On 27 June 2019, the FDA updated their investigation into a potential link between certain diets and canine DCM. The update is about 14 pages long and has been updated to include charts and name brands. We dug into it and pulled out 5 things that the FDA was actually saying about the investigation.

The rest of the update is simply documenting the data that they have found; a lab report. It is interesting information, but ultimately of limited use. Seeing as we don’t know the baseline occurrence of the disease, we should all be very careful about drawing conclusions.

The update does bring up some big questions though, and we will be using the FDA’s actual data to try and see if we can answer them.

Is DCM Reported in Unexpected Breeds?

TL;DR: Yes, but probably because we do not understand how often DCM actually occurs.

First, here’s what the FDA gives us in their lab report. I edited this chart to highlight the breeds that were already thought to be genetically predisposed to have a higher risk of developing DCM.

Looking at the breed breakdown from the FDA’s data, we see a mix of breeds here but it appears to show that Golden Retrievers and Labrador Retrievers are at a terrible risk. Hold that thought while we grab some other quotes:

“FDA has observed a reporting bias for breeds like Golden Retrievers due to breed-specific social media groups and activities that have raised awareness of the issue in these communities and urged owners and vets to submit reports to FDA.”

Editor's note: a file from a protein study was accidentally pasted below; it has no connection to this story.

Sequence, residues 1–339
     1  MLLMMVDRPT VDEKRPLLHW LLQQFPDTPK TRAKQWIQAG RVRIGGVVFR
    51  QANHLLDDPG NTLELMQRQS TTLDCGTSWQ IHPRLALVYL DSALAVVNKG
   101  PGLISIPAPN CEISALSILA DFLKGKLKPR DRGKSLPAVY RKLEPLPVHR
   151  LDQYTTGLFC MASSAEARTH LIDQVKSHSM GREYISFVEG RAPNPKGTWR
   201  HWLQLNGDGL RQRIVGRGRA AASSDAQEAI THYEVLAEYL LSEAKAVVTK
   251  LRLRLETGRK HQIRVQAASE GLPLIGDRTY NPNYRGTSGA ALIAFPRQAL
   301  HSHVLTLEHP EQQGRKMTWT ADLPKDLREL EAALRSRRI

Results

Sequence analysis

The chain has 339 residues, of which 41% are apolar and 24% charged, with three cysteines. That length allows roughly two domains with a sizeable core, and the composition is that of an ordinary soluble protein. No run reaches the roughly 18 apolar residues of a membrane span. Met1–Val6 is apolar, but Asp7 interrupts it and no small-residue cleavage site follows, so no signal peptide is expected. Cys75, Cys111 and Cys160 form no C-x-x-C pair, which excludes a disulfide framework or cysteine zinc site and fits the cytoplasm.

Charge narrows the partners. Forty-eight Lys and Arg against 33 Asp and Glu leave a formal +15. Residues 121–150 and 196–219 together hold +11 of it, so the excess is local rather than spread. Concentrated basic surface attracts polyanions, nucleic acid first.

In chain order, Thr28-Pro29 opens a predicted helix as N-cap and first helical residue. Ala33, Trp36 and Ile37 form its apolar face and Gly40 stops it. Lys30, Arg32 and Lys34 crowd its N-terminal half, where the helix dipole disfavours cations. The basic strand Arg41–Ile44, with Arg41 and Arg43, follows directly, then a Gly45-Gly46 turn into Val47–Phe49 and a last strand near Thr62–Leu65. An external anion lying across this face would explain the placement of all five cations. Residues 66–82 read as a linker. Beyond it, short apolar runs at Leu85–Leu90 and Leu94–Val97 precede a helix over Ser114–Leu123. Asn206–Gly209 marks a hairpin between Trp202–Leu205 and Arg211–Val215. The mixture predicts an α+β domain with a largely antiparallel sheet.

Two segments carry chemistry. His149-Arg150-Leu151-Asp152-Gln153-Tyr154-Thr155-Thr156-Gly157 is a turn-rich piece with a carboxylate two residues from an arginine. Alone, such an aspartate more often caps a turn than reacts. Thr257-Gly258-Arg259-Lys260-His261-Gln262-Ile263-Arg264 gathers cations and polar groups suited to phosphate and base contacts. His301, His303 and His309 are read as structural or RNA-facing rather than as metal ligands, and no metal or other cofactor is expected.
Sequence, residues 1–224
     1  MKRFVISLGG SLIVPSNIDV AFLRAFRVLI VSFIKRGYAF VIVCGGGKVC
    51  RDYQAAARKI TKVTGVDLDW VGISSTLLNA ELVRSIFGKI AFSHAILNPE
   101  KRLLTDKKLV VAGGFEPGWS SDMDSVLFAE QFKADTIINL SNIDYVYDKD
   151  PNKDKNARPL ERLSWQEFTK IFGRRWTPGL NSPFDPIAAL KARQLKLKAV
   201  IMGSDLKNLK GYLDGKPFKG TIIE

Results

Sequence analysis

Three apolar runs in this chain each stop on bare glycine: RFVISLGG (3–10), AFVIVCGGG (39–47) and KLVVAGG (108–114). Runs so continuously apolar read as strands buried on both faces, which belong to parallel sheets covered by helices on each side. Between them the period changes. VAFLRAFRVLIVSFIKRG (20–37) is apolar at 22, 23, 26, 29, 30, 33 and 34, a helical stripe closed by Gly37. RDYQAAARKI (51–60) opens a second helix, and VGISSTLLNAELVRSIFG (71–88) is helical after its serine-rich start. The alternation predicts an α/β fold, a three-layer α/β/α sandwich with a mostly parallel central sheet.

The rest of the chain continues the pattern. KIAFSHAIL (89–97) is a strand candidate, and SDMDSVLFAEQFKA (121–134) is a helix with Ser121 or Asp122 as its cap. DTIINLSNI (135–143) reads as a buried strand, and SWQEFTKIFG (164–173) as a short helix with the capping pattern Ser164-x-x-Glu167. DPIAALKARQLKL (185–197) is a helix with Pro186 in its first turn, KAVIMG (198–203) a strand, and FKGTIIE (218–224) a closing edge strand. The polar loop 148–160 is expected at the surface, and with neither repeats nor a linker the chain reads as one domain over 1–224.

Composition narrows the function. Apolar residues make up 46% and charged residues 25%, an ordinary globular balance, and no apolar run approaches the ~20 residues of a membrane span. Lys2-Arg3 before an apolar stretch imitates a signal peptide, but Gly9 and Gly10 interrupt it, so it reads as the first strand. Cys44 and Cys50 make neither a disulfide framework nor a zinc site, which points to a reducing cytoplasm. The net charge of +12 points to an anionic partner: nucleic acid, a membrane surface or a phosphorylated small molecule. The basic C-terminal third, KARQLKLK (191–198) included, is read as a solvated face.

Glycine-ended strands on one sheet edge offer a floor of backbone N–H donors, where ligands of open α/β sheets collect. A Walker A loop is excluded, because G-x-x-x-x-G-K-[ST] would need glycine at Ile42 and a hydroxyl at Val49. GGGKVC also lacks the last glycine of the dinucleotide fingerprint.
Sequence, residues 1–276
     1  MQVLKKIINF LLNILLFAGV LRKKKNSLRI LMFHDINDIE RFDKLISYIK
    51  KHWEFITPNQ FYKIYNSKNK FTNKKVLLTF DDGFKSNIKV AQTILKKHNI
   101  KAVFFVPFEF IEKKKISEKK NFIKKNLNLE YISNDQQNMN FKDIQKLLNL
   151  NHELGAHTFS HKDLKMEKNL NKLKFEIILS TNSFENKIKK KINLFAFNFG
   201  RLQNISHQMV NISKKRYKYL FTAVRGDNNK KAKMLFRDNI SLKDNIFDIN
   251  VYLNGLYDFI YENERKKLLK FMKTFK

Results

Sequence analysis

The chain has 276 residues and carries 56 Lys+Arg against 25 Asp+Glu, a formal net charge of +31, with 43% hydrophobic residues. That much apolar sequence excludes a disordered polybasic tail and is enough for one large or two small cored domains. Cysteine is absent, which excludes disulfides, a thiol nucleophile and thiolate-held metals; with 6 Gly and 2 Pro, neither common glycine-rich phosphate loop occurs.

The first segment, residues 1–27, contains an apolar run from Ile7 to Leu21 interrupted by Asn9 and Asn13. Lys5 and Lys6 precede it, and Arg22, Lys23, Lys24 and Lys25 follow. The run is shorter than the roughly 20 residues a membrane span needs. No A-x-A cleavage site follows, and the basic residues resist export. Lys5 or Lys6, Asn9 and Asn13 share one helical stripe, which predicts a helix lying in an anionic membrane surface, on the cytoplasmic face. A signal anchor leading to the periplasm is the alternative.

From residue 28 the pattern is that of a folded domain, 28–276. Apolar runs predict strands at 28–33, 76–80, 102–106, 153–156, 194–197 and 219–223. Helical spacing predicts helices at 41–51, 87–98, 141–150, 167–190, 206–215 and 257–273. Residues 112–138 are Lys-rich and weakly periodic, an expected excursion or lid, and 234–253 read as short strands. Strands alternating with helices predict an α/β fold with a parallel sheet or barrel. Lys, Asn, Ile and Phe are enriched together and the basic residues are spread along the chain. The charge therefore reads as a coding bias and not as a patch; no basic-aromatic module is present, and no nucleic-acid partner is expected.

“Past publications and research suggest that Golden Retrievers may be genetically predisposed to taurine deficiency, which is well-documented as potentially leading to DCM.”

One final piece of data; the Golden Retriever is the 3rd most popular breed in the US and the Labrador Retriever is #1.

Well what does THIS all mean? When you have very popular breeds showing up often in your data, it can help lend some credence that you have a representative data sample. If there are a LOT of retrievers in the US, we should expect to see them in the data a lot.

Ok! Here’s our first chance to actually make a meaningful comparison!

  1. Labrador Retrievers are the most popular breed in the US.
  2. The Golden shows up in this data twice as often as the Lab.
  3. Case solved! Golden’s are clearly more susceptible to DCM than Labs!

Well, maybe. The FDA quote above tells us their data is biased and heavy with entries from Golden Retriever parents.

So is DCM being reported in unexpected breeds? It looks like it is. The caution here is that we still can’t make a meaningful conclusion on breed susceptibility here and this chart gives the impression that Golden’s and Labs are in dire straights, which is most likely due to the bias in the dataset. However, to lean on What the FDA Actually Said: Are DCM Rates on the Rise?, we simply don’t know if these breeds were developing DCM on a regular basis before the recent surge in DCM reports to the FDA.